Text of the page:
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Georgie Anne Geyer

Articles by Georgie Anne Geyer

GEYER: Open up, but keep cool on Cuba

At a small dinner in a downtown restaurant just before Easter, we were discussing where our country was going, when a friend who has served for years in Republican administrations suddenly began speaking about the one area of the world that nobody pays any attention to. Published April 18, 2009

GEYER: Ancient strategies lead growth

In 1983, a long quarter-century ago, I made my first trip to China and found a country barely emerging from ancient days. Published April 11, 2009

GEYER: ‘Anchoring institution’

Thirty years ago, I found myself on a NATO tour for American journalists in West Germany and, through a throw of the dice, I was chosen to go on a helicopter ride over East Germany. Wow! At least I could say I had been over, if not in, the forbidden communist kingdom. Published April 4, 2009

GEYER: War comes closer to home

Vice President Joseph R. Biden Jr. shocked people by saying before the inauguration that an Obama presidency would be "tested" within six months, and all eyes turned to the Middle East and to the mountains of Afghanistan and Pakistan. President Obama soon duly sent 17,000 additional American soldiers to Afghanistan to turn the tide. Published March 29, 2009

GEYER: Outlaws vs. stability

In the mid-1980s, while covering most of the developing world, I began to realize something was happening that seemed, at least at the time, counter to the common wisdom. Published March 28, 2009

GEYER: Time for righteous anger

They tell us we are being very, very good. The pollsters report you and I are now finally saving more than we did before our economic meltdown (and congratulations to us!). Published March 10, 2009

GEYER: Afghanistan abstracts

In recent days, I have listened to some of our best analysts and military leaders expound on the war in Afghanistan, now 8 long years old and a war one might rationally suppose would eventually face some resolution. Published March 5, 2009

GEYER: Preaching vs. pragmatism

A curious juxtaposition of styles between two of President Obama's closest compatriots could tell us a great deal about where the nation is heading: Eric Holder has reverted to the old Bill Clinton style of ideological pronouncement-as-policy while Hillary Clinton has instead dropped the Clinton administration's mantra and adopted a policy position of pragmatism and self-interest (and, in this particular case, that ain't easy!). Published February 28, 2009

GEYER: Death of a humanitarian

For humanitarian workers and foreign correspondents, one of the greatest fears is that they will survive wars, revolutions, civil conflicts, dictatorships, floods, tsunamis, earthquakes and volcanoes - and then come home and die in a car crash. Published February 19, 2009

GEYER: Trouble with Kyrgyzstan

If you haven't ever heard of Kyrgyzstan, the pivot of our newest foreign policy problem, don't feel embarrassed - most Americans have not. Published February 14, 2009

GEYER: One-state solution hints

Exactly 40 years ago this year, I went to the Middle East for the first time, and I was easily, and not surprisingly, as enchanted with the sloe-eyed beauty of the region as I was with its hopelessness. Published February 4, 2009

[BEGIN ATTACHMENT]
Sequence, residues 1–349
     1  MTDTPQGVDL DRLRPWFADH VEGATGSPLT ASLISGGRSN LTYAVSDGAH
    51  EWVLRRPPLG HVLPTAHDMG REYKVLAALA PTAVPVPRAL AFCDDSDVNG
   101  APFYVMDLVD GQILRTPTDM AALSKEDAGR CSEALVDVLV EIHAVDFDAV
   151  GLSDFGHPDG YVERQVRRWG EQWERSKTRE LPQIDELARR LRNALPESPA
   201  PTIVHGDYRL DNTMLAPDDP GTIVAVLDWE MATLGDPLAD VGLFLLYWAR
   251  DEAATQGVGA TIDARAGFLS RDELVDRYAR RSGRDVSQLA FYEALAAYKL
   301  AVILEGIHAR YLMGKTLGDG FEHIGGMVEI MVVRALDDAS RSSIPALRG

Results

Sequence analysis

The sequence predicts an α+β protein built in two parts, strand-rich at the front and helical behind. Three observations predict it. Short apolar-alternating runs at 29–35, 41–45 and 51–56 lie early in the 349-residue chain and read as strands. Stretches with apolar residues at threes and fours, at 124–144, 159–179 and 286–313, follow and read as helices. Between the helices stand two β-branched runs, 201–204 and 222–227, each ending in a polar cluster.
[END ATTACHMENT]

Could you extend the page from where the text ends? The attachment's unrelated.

GEYER: Time for diplomacy

Five years ago, while traveling in Africa, I found myself in Kampala, the capital of the agriculturally rich but historically troubled country of Uganda, riding in the cab of a particularly able local taxi driver. Published January 29, 2009

GEYER: Recapturing the past

Among religious people and others, there was a lingering, evocative sense here in the nation's capital over the last few days of this Inaugural that great leaders are often "sent" in difficult times to answer a people's prayers -- and that this may well be happening to America now. Published January 24, 2009

GEYER: Mideast diplomacy

As Gaza continues to explode, every day offering up handfuls of unfathomable new dangers, one of our finest specialists on the Middle East outlined for the new administration a provocative new strategical approach to the region. Published January 16, 2009

GEYER: Change stirring in Cuba

World history is filled with dramatic, often heartbreaking and occasionally redemptive stories of great marches. Published January 8, 2009

GEYER: Parting thoughts

Nobody knew exactly what Julius Caesar thought as he "left office" - the assassination was too swift! People are still speculating as to what John F. Kennedy was really thinking. One favorite topic of political discussion still bandied about is whether the adored president would have gotten us out of Vietnam quickly. Published January 1, 2009

GEYER: An unfamiliar Christmas spirit

What a strange and somehow discombobulated Christmas. Spiritually, the Christian faith tells believers that we are to celebrate the birth of the peaceable Christ child. But on the day-to-day level, we live in a world that is falling apart, beset by immorality. Published December 25, 2008

GEYER: ‘Forgotten’ war awaits

By all accounts, President-elect Obama will be sworn into office on Jan. 20, swearing himself to transform the country. His words, his appointments and his actions all arrive, carried upon a cleansing wind that the American people hunger for. Published December 22, 2008

GEYER: Undermining newspapers

The next time someone tells me, and it is usually smugly, that he or she "reads news only on the Internet," I may just take a slug at the miscreant. People like this seem to think it is all quite amusing. Probably, such people also think the financial collapse that the country is undergoing is amusing. Why on Earth can it be that I do not? Published December 20, 2008